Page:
Drone Enthusiasts in Kenya seek Operating Licenses with Regulations set for Take-Off in September



Drones have become popular world over,with a whole range of applications. Their usage has become part of the norm with the Military using them in warfare, wildlife services such as the KWS using them to tackle poaching and Internet companies like Amazon using Drones to deliver goods that consumers have purchased. They have been used for rescue activities, where a drone helped rescue two boys from drowning.

In Kenya, drones have become widely popular creating a community of enthusiasts ranging from photographers and even pilots. As such, the Kenya Civil Aviation Authority has been keen to create regulations for the same, which has seen the body engage different stakeholders to come up with the best way forward for the same.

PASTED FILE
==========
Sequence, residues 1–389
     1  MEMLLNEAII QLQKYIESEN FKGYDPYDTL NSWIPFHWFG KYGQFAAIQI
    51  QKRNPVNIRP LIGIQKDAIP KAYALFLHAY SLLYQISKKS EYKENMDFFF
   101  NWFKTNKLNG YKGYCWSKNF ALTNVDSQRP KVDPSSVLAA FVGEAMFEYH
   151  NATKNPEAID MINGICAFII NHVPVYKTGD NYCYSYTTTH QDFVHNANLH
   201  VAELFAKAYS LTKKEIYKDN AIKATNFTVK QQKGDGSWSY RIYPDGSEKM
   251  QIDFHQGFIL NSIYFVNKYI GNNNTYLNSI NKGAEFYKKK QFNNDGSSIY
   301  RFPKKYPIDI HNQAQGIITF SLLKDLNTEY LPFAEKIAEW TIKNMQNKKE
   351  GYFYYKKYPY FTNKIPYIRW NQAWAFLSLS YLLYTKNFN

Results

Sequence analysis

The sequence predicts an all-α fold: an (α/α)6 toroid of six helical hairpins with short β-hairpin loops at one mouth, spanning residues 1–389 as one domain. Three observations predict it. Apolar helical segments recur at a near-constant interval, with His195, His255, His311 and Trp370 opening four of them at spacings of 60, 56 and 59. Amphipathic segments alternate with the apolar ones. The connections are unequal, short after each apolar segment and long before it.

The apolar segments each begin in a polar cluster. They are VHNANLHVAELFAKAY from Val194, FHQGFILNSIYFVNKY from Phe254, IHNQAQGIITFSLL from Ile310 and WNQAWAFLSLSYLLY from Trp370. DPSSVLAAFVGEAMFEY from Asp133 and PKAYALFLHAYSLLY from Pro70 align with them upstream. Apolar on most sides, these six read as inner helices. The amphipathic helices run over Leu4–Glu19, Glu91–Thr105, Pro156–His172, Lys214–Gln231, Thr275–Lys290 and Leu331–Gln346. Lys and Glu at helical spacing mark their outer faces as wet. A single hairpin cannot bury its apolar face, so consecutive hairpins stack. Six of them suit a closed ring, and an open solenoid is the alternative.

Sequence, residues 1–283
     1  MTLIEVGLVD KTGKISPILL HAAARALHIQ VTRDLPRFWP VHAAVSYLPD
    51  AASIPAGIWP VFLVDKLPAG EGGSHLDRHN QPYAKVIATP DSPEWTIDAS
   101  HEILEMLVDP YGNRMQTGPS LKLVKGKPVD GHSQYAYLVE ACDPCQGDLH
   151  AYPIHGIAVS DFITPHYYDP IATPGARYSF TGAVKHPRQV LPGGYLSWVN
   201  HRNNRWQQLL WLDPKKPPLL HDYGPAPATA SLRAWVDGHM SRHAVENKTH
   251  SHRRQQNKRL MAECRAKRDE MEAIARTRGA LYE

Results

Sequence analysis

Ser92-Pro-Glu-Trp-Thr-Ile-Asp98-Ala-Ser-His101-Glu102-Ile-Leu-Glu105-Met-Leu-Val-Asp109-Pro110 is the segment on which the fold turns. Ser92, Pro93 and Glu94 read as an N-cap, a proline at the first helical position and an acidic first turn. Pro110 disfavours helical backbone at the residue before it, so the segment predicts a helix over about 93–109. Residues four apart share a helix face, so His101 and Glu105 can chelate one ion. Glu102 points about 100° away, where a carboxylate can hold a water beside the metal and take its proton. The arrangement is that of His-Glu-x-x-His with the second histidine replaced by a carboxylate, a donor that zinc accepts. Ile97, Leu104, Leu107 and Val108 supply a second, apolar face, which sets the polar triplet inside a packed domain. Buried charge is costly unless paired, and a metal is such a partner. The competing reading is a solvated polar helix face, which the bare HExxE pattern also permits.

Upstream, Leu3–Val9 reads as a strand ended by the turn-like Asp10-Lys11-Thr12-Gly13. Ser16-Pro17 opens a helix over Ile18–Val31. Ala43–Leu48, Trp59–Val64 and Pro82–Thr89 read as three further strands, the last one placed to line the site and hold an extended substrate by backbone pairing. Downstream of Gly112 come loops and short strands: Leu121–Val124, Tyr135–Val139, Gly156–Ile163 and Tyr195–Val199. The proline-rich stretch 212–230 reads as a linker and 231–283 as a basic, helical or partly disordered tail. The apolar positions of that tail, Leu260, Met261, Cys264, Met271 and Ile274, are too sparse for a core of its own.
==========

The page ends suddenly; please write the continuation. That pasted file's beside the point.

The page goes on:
Among the proposal in the regulations includes one that states owners of drones will be required to  register their devices with the KCAA where they will receive an RPAS operating certificate.  The authority will establish a registration and identification system for the same, where drones will be categorized based on based on their use and weight. Also in the regulation is one that states drones cannot be flown above 400 feet above ground level or at night, while owners who have to be over 18 years will require 3rd party insurance for their devices.

According to local paper Business Daily, the Kenya Civil Aviation Authority has received over 1,000 applications for drone licences which would allow them to establish transport businesses. According to the KCAA, the applications range from parties interested in running film and photography, relief services and other commercial purposes. KCAA  further stated that the proposed regulations should take effect in September 2016 after approvals by the National Security Advisory Committee. Currently, the non-military use of drones is restricted hence the immense benefits to be accrued from the opening up of the industry.


  1. That’s promising stuff, it’ll be good for the government not to throttle innovation. Though I’m curious to know how much the operating licenses will cost, if any.

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